Saturday, April 18, 2009

DNA - What Advocates Should Know

DNA evidence is becoming prevalent in the investigation and prosecution of many crimes, particularly sexual assault. Advocates owe it to themselves and the victims they assist to become informed about the basics of this science. There are fundamental questions likely to come up and myths that an advocate can help dispel. There will be questions about the contrast of real life to television shows like CSI, back-ups at state labs and what exactly can be proven and how. Another consideration for advocates is the impact on victims when new DNA evidence surfaces in cold cases. Has the victim put the past behind her? Is a victim being re-traumatized?

From the
New York Times:
FBI & States Vastly Expand DNA Database

Law enforcement officials are vastly expanding their collection of DNA to include millions more people who have been arrested or detained but not yet convicted. The move, intended to help solve more crimes, is raising concerns about the privacy of petty offenders and people who are presumed innocent.

Until now, the federal government genetically tracked only convicts. But starting this month, the Federal Bureau of Investigation will join 15 states that collect DNA samples from those awaiting trial and will collect DNA from detained immigrants — the vanguard of a growing class of genetic registrants.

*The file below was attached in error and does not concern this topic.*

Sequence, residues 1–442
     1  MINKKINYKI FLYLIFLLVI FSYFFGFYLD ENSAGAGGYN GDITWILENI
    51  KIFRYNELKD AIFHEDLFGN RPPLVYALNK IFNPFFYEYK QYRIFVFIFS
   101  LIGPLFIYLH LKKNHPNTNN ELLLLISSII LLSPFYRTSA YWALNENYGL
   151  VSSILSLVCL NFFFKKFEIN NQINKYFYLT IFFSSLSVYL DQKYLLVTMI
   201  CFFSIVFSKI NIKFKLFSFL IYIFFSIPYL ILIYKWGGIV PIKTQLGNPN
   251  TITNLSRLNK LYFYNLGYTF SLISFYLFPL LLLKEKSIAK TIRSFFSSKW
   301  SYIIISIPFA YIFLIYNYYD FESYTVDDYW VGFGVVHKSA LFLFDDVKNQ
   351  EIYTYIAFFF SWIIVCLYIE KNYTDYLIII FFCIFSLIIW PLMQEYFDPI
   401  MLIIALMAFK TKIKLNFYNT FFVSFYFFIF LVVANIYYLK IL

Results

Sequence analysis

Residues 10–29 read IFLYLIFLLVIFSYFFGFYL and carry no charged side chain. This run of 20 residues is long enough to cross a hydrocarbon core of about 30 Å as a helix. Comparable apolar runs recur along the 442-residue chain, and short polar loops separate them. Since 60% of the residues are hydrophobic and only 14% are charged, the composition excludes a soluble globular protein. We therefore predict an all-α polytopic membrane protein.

The F.B.I., with a DNA database of 6.7 million profiles, expects to accelerate its growth rate from 80,000 new entries a year to 1.2 million by 2012 — a 17-fold increase. F.B.I. officials say they expect DNA processing backlogs — which now stand at more than 500,000 cases — to increase.

Law enforcement officials say that expanding the DNA databanks to include legally innocent people will help solve more violent crimes. They point out that DNA has helped convict thousands of criminals and has exonerated more than 200 wrongfully convicted people.

Continue reading HERE

There are some excellent trainings out there specifically for advocates. A good trainer can make this dry scientific subject fascinating. One such expert is Anjali Swienton, who trains SANE/SART Programs, law enforcement and victim advocates. If you ever have the opportunity to attend one of her lectures you will come away with alot of valuable information for your "advocate toolbox"

Also from

DNA Information and Resources for Victim Advocates

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